The fundamental issue we face is that we don’t have the permanent funding to continue to offer every entering student three fellowship quarters at $34,000 while continuing to meet the needs of our teaching mission. Neither the state of California nor the UC Office of the President has identified new funds for these increased costs; every campus is expected to find the money within their existing budgets. Currently at UCR we have the following permanent funds for PhD student stipends and TA salaries:

$12.2M (central)

$31.5M (schools and colleges)

$6.8M (new to schools/colleges; plus $200K allocated for fees, managed centrally)

$50.5M TOTAL

In 2024-25, we will need an estimated $44.5M to pay the TAs to support the faculty in their undergraduate teaching, based on maintaining levels from 2021-22 and 2022-23. This leaves $6.0M for fellowships. If we accept 375 new PhD students and provide them with a $34,000 fellowship stipend plus health insurance for the three quarters of their first year, that cost would be $14.7M, leaving us with a deficit of $8.7M. To break even, we can offer an average of 1.2 quarters of fellowship instead of a full 3 quarters. As noted above, we are investing $5M in new one-time funds to provide an additional quarter of fellowship for each of the 375 new students in 2024-25, raising the average number of fellowship quarters per student to at least two.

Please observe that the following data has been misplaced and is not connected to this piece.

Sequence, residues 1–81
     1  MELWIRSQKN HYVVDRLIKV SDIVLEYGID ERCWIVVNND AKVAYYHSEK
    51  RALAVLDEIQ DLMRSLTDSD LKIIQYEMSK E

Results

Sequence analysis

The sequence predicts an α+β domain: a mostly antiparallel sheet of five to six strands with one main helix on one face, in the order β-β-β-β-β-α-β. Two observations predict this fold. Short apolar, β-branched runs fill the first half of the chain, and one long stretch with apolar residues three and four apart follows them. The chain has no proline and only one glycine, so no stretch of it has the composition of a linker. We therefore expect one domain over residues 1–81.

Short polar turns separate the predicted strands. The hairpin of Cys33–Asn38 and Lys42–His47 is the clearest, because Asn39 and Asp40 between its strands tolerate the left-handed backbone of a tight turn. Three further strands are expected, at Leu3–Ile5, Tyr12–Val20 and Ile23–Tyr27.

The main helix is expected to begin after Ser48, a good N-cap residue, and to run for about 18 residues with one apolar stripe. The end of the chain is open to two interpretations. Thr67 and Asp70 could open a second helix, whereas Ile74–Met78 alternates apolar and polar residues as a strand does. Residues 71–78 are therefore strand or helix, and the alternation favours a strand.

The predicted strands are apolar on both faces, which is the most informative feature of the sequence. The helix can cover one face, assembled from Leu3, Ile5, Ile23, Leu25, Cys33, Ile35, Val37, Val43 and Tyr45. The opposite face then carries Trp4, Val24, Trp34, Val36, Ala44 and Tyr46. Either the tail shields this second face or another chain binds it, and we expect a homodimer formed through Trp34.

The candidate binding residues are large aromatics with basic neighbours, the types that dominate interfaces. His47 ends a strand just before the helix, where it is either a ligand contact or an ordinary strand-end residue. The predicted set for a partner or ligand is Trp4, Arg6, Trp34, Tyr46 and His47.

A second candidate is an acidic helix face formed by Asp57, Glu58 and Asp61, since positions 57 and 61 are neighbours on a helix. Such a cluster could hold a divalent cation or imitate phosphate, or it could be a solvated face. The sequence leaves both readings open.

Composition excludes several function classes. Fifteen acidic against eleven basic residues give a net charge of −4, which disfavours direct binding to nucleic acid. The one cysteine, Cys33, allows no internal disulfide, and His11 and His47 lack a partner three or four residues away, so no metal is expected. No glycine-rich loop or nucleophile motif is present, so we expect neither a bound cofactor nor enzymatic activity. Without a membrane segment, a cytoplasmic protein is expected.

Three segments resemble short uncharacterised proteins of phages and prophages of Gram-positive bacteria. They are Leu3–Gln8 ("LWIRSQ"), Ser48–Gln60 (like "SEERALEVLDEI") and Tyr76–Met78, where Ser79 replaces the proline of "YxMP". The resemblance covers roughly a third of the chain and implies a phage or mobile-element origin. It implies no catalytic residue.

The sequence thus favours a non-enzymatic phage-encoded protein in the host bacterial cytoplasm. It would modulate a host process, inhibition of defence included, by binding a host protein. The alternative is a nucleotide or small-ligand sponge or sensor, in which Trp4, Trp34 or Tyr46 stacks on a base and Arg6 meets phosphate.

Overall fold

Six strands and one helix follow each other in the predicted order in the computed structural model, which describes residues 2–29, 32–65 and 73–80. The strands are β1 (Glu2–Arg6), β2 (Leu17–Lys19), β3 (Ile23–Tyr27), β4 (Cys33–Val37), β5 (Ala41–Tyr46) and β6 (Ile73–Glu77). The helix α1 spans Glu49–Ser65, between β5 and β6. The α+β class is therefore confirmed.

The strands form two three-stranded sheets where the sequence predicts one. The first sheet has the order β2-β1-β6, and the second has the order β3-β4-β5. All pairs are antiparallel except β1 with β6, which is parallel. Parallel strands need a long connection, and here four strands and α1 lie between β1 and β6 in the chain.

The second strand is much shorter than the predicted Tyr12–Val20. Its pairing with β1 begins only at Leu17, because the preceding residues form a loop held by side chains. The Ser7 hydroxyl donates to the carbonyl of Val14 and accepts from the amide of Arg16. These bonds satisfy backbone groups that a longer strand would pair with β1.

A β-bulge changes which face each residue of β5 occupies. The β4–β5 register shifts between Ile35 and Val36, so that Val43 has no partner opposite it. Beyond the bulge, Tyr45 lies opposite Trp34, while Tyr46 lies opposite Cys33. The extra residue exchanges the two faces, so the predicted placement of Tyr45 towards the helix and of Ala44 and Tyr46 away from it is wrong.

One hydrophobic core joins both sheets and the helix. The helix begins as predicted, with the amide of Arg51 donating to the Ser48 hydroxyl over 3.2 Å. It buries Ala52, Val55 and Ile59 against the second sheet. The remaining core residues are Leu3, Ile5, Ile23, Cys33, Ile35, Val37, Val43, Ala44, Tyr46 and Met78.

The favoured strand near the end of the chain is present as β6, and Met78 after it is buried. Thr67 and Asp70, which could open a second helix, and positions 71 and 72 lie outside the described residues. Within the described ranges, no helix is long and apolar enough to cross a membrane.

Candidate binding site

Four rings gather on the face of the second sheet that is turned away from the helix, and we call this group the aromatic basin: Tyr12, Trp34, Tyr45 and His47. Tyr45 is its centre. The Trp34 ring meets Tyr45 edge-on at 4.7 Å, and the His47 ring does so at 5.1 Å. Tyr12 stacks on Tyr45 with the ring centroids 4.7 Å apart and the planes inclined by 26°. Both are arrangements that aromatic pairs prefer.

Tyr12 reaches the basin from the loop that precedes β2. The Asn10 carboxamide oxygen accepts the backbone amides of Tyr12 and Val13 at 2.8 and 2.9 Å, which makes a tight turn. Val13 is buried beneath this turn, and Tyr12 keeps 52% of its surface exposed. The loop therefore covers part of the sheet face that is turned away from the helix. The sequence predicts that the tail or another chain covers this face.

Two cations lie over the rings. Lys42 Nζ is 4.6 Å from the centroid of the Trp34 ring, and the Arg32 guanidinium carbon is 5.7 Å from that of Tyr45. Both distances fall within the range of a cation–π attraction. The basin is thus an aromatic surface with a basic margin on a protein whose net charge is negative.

Going forward, Graduate Dean Kos will engage with the department chairs, faculty graduate program directors, and school/college deans in thoughtful and candid discussions to identify the bases on which cohort sizes for doctoral programs will be determined. Previously, cohort size has been decided based on history (i.e., how many students were admitted in prior years) and faculty size (i.e., there should be x students for y faculty). Another way to make these decisions is to base them on student outcomes, e.g., graduation rates, time to degree, and career placements. We owe it to our students to graduate them in a timely fashion and to launch them onto meaningful career paths. Another consideration, of course, is their labor as TAs and GSRs in support of the faculty, but those roles should be secondary to their personal success as students.

We look forward to additional robust, collaborative, and constructive conversations in the months ahead, as we work to stabilize PhD and MFA enrollments for 2024-25. We also fully recognize that we will have to continue to address funding for graduate education for 2025-2026 and beyond, given the current UAW contracts expire on May 31, 2025, and will therefore be up for renegotiation.